Sunday, September 3, 2017

Michaelmas Story

This is a story I wrote for my then 4 year old son. At that time my son was, through and through, a worker. He was interested in machines, and all the activities of what are sometimes called "The Professions"; things like the butcher, the baker, the candle stick maker. You can see where I dwelt on the specifics of how the sword was made.

As I was looking into how a sword is made, and whether a sword could be made from a meteorite, I stumbled on a video of the whole process, set to German  thrash metal music. For several days, after putting my son to bed, I would lay down to nurse the baby to sleep, and watch (using headphones!) that video to learn the whole process.

We have loved this story for many years now, and I hope others can find some use in it. Enjoy!

A Sword for Saint Michael.

Once upon a time, it may even be here and now, there was a man who went by the name "Smith". He worked the forge down at the smithy. On any ordinary day he made ordinary things like horse shoes and nails, forks and knives, and hooks to hang things up.

One one evening, after working at the forge all day, Smith was making his way home. He looked up at the deep night sky. It was as deep and dark as velvet and across the sky's face we're scattered hundreds on tiny silver stars.

As he watched, one of the stars shot across the sky and went behind a hill to the side of the road. Smith followed it with his eyes, and, wondering what he would find, he left the road and climbed up the hill through the trees, and brush, and bracken. There on the other side was a furrow in the earth, and in the furrow was a large lump of iron. The iron was glowing hot, too hot to touch, so the Smith decided to come see it again in the morning.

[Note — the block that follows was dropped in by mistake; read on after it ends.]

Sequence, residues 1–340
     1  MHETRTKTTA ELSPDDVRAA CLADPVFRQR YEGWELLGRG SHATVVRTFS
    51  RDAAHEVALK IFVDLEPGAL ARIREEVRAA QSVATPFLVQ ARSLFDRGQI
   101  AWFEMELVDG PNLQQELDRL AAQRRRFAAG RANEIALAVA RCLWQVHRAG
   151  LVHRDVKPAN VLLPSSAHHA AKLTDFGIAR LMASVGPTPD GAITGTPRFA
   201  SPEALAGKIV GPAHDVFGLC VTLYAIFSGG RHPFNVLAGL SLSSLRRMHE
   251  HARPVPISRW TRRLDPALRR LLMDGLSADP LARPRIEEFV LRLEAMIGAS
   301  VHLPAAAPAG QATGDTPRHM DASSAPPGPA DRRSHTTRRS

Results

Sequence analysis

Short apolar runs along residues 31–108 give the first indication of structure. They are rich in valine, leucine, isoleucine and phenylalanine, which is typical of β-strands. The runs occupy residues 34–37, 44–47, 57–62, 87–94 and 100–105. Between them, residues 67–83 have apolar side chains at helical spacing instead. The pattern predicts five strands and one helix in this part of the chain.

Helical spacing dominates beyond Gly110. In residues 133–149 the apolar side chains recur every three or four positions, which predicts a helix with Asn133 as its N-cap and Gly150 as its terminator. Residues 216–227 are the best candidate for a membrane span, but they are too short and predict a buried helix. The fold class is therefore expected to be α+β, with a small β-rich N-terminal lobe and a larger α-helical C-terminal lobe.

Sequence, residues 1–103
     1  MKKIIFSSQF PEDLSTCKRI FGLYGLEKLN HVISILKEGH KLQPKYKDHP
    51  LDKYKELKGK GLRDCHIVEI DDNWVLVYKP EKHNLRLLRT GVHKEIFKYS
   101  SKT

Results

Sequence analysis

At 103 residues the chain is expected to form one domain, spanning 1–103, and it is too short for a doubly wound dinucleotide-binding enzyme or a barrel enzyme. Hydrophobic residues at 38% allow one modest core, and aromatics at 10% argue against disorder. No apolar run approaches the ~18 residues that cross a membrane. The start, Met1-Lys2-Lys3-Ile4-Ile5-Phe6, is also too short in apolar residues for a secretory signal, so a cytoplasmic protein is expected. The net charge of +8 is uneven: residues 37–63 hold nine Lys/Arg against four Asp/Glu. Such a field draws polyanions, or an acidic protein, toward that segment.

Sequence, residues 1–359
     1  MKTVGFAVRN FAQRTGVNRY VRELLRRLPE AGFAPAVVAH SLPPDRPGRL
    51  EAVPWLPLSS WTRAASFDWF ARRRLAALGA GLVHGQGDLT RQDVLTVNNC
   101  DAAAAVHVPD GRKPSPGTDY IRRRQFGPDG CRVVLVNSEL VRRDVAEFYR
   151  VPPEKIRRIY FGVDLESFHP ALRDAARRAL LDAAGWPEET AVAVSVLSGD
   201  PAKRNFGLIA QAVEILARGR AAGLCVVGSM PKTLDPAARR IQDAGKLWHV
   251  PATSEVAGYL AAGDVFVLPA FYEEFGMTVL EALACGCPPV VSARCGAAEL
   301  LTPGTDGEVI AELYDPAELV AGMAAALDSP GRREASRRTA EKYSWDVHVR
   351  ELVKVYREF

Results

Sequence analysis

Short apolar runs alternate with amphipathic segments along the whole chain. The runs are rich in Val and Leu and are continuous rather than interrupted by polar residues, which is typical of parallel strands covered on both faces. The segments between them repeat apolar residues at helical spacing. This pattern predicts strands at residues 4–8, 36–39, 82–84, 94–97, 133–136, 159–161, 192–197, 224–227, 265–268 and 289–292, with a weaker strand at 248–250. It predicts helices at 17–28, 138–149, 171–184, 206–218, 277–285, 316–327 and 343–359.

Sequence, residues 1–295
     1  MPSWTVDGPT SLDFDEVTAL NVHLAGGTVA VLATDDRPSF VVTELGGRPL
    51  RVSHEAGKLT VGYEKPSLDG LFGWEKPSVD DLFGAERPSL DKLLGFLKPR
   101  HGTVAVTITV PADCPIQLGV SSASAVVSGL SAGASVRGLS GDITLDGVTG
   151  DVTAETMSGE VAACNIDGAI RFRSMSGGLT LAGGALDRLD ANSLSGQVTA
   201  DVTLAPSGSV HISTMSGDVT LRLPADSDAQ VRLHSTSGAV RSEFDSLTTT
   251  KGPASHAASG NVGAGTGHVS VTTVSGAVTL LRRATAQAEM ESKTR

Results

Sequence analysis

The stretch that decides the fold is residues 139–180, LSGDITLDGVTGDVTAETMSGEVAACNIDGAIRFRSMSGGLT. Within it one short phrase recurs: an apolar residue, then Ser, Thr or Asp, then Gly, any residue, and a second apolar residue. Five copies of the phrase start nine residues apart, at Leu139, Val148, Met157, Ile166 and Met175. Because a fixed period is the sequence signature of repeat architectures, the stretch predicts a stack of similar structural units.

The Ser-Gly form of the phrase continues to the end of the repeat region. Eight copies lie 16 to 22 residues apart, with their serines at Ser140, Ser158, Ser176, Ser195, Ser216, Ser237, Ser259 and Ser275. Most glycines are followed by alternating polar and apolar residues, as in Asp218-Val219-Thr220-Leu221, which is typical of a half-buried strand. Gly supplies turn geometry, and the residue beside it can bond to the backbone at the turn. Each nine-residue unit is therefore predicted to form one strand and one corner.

The next morning, Smith found the furrow and the iron, and this time it wasn't hot, so he picked up the heavy lump and brought it back to the smithy.

He didn't know quite what to do with it, so he placed it on the work table and went about finishing up his ordinary work. He finished some horse shoes and nails and a ladle for the cook. Then he turned back to the lump of iron and now he knew, he would make a sword.

First he used his tongs to pick up the iron and thrust it into the fire of the furnace. He used the bellows to blow the fire high and hot. Then he took the iron from the fire and placed it on the anvil. Using his hammer, he beat the iron well. He beat it long, and he beat it narrow, and he beat it thin. At one end he formed a point, and at the other he formed a cross shaped hilt and handle. It took him many days and when he was done forming the sword, he quenched it in oil to give it flexibility. He thrust the hot sword into the barrel of oil and the flames and Sparks shot up into the air.

Next Smith polished the sword. He used a stone wheel which he spun with a little peddle. He used grit to sharpen the edge of the sword, and he used grit to polish the sword until it shone.

When the sword was done, Smith took it to the carpenter. "Will you help me make a handle for this sword?" Asked Smith. "I will," said the carpenter. He found a beautiful piece of rosewood from which to make the handle. He shaped it so that it fit and used tiny little nails to hold it in place. Then he wrapped the handle in leather, so that it would be comfortable to hold.

Then Smith took the sword back to the smithy and laid it on the work table because he did not quite know who the sword was for. Then he went back to making ordinary things.

When evening came, the Smith began to tidy his shop for the night, when a stranger came to the smithy door. He was tall and he wore a red Cloak, and his face shone like the sun.

"I am Saint Michael." Said the stranger. "You have made a sword for me."

The Smith smiled and nodded. "Yes," he said, "I knew I made it for some special." He handed the sword to St. Michael, who bowed, and took it with him back to heaven.

Thursday, August 17, 2017

Eclipse Finger Game

In light of the coming total solar eclipse this Monday (August 21, 2017), I created a little finger game/poem to share with my own children.

Sunny and Moony (or Sola and Luna) went out to dance.

They made a show that others could glance.

Sunny danced bright, and Moony danced dark.

Beside them danced a loving spark. (Note: in some places Venus will be visible at the height of the eclipse.)